Washington liberals are full of unorthodox ideas about our economic plight and how to create jobs. They simply attached the jobs issue to policies they have long supported. And from all appearances, they genuinely believe these policies will accelerate growth in jobs.
Here are a few examples:
- Barbara Lee, a House member from California, is upset about computerized checkout lines at grocery stores. She avoids lines with no flesh-and-blood checker. Read More
Both President Barack Obama and Republican presidential candidate Herman Cain went to graduate school. Obama got a degree at Harvard Law School. Cain did his graduate work at Purdue and Burger King University. That doesn’t tell you all you need to know about the difference between Obama and Cain, but it explains a lot.
Obama and Cain are African-Americans, but there the likeness ends. Obama is a liberal, Cain a conservative. Read More
House Speaker John Boehner’s new plan to cut spending while raising the debt limit faces two obstacles. It must win the votes of most of the 240 Republicans in the House. And the plan, or something like it, needs to be accepted by Senate majority leader Harry Reid. At the moment, overcoming the obstacles is anything but assured. Read More
Recall the old saying: Be careful what you wish for. In the struggle over raising the debt limit, it applies to both President Barack Obama and congressional Republicans. Read More
Those who remain convinced that more government spending will produce a robust economic recovery ought to read the Weekly Standard’s Fred Barnes’s “Lessons from Canada” in the most recent issue of National Affairs. In the 1990s Canada’s Liberal party government reduced its national debt and revived its economy by, among other things, reducing federal employment by 45,000 jobs, 14% of the total. Read More
Republicans are headed for trouble over the gap between what grass-roots Republicans want and what Republicans in Washington can deliver.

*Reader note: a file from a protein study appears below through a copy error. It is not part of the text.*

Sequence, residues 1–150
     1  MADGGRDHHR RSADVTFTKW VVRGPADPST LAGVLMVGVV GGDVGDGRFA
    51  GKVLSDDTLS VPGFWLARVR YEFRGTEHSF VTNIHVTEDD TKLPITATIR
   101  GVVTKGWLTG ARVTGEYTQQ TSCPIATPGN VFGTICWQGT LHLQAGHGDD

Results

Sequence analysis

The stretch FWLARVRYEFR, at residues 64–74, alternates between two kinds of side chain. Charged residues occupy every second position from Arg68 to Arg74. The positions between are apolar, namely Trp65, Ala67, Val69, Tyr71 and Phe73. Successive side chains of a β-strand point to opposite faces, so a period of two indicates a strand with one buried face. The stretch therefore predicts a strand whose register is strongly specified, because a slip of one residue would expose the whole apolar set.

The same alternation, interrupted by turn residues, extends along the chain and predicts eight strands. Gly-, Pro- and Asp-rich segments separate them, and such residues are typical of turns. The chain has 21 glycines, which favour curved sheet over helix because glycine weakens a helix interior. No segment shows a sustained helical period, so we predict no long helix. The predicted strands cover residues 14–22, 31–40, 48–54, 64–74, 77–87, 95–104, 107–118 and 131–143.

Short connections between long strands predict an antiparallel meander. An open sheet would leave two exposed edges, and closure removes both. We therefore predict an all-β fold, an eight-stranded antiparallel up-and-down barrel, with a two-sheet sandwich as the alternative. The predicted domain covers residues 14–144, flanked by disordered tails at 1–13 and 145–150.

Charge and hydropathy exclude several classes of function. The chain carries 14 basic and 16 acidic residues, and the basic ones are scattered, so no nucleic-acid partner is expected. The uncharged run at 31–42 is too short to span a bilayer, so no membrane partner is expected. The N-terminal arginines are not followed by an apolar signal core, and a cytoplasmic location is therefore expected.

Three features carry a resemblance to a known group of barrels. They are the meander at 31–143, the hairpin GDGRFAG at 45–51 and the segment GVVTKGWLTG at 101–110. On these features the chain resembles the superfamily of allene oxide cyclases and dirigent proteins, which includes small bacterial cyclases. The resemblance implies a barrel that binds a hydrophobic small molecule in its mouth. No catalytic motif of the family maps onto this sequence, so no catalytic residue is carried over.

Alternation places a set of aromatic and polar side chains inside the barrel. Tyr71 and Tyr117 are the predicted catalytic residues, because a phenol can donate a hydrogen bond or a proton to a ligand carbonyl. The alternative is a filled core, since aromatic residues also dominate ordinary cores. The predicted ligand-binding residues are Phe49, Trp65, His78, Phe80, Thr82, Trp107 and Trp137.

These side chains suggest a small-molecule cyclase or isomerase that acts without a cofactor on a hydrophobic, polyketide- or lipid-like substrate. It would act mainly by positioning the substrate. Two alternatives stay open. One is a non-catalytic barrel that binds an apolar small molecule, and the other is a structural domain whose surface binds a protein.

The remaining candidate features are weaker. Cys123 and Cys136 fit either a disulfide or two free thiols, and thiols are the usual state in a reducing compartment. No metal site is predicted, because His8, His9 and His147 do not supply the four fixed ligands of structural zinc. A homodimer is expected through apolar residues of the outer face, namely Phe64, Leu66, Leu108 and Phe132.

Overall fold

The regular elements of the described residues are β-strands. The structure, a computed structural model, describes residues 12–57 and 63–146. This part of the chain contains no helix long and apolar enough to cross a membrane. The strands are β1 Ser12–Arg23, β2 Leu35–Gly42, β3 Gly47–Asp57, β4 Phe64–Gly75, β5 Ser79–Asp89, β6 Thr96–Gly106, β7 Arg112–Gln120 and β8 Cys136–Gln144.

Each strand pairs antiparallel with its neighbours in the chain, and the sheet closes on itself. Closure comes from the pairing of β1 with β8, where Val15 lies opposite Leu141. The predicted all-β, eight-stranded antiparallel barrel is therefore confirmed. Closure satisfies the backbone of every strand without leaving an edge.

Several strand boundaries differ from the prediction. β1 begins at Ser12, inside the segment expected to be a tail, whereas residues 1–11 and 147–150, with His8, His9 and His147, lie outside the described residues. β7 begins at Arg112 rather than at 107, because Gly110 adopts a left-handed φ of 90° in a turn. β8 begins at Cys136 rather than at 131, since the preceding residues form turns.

The gap will come into play once an agreement on raising the debt limit, now being negotiated by congressional Republicans and the White House, is reached this summer. Read More
President Barack Obama and the Republicans are far apart on raising the debt limit. They’ve been divided before on spending and debt issues since Republicans captured the House and added Senate seats in last November’s election. This time, the Republicans have more leverage. Read More
For most Americans — make that most of mankind — the car is an instrument of mobility, flexibility and speed. Yet officials in Washington, transportation experts, state and local functionaries, planners, and transit officials are consistently puzzled about why their efforts to lure people from their cars continue to fail. Read More
In case you missed it last Friday, the Washington Examiner and its sister magazine the Weekly Standard held a panel discussion to discuss the 2010 elections and the future of American politics. Participating in the discussion were the Examiner’s Byron York, Michael Barone, and Susan Ferrechio. They were joined by Standard colleagues William Kristol and Fred Barnes. Read More
With the Republican party having achieved historic victories in the House of Representatives this year but Democrats still in control of the Senate and presidency, what will the near-term future of American politics look like? That question will be discussed in-depth today at a panel discussion featuring the staffs of the Washington Examiner and the Weekly Standard. Read More